First Person: Getting My Personal Cash Flow Moving

Yahoo Contributor Network

Placing a water fountain at the entrance of my home might not make me rich, but the feng shui "money cure" reminds me of the importance of cash flow. To get my personal cash flow moving again, I took a hard look at my income, fixed expenses, discretionary expenses, savings and investments. After spending 10 years saving money and paying off my credit card debt, I was ready to improve my cash flow. Having a better cash flow means we can enjoy life by spending more at times and putting money aside as well. I used the Yahoo cash flow calculator to get some ideas for how I could reduce expenses.

According to a recent article by Modest Money, cash flow forecasting is an early warning system that helps people spot potential money shortfalls.

Boosting our income

My first task was to figure out how we could boost our household income. We thought about how we could earn bonuses and raises. Since the company I work for gave employees pay cuts and furloughs, I looked at passive income streams such as owning stocks that pay dividends.

Changing our fixed expenses

One of the most significant changes we made was with our fixed expenses. We lowered the cost of our cable bill by $50 a month. We also refinanced our home, saving $300 a month. Since our interest rate is only 2.75 percent, I am not motivated to pay off our house early. Instead, we can enjoy the extra cash flow every month. We had a number of other fixed expenses that we can't change such as a payment of $300 for our car. We also pay $400 a year for our homeowner's association fees.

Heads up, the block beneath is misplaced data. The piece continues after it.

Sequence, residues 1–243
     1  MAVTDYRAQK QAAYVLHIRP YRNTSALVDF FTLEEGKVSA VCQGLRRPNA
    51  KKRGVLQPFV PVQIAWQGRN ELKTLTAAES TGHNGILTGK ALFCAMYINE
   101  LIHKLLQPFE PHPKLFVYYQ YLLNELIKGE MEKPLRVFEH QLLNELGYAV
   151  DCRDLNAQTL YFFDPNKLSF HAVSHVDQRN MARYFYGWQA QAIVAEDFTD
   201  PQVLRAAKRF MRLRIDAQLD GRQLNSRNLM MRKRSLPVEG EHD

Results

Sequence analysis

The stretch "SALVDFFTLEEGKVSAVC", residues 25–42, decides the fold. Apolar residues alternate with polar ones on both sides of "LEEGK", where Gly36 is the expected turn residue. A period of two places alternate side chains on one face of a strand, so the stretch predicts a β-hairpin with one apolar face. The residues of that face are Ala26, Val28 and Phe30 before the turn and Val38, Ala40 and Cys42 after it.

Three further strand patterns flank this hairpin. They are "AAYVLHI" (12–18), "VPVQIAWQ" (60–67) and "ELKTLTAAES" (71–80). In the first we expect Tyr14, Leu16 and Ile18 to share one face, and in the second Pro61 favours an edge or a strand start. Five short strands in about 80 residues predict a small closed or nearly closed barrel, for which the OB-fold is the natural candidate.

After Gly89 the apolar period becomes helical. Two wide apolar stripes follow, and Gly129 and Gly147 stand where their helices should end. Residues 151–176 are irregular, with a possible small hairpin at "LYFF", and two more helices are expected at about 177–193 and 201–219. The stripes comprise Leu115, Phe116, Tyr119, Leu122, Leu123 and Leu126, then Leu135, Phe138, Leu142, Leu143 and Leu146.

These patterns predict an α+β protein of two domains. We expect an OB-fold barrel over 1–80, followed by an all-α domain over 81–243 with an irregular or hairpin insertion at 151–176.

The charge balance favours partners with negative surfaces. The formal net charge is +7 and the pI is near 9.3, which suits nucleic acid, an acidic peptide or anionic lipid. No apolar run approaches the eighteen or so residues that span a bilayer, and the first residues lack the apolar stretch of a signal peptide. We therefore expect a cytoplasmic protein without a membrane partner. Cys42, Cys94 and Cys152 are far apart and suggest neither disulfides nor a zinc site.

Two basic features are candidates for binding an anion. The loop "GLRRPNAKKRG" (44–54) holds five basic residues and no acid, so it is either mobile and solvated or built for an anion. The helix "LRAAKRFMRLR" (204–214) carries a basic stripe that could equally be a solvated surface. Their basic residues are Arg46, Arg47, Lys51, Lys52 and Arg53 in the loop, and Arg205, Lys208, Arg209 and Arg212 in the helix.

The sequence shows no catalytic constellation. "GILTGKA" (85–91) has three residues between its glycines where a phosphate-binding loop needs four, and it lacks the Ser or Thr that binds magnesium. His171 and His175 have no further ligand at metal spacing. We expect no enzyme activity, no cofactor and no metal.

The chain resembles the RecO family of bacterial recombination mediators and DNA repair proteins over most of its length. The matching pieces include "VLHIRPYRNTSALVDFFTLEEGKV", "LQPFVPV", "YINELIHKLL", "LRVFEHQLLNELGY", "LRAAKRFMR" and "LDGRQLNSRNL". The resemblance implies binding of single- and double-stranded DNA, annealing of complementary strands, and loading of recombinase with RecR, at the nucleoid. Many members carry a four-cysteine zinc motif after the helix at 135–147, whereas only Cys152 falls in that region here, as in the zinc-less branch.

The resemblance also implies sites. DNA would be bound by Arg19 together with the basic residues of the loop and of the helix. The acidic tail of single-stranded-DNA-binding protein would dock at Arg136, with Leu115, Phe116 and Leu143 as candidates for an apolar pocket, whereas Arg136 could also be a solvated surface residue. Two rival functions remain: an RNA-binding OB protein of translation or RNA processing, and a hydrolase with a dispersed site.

Looking at discretionary spending

I liked examining our discretionary purchases because we have total control over those choices. Plugging in the numbers gave me a chance to see how much money we waste. I also realized we have a lot of expenses that I sometimes forget to include in our budget. I used the cash flow calculator to help me re-figure our monthly budget.

Tracking, observing and controlling

After using the cash flow calculator, I decided to start tracking, observing and controlling our cash flow every month. We realized we could be maxing out our contributions to our Roth IRA accounts. We could also spend more money on our favorite hobbies by spending less on lower priority expenses such as gourmet coffees and clothes.

In the end, I realized managing my cash flow is not just about making sure we are staying in the black by having positive net income, as much as it's about having enough to enjoy life now and in the future. We need to make enough income so we can live comfortably while saving up for our retirement. Now that I have a better grasp of what's coming in and what's going out, I can sleep better at night knowing our finances are on fire in a good way.

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More from this contributor:

Finding Work-Life Balance

Creating More Cash Flow in Retirement

Money Buys Happiness


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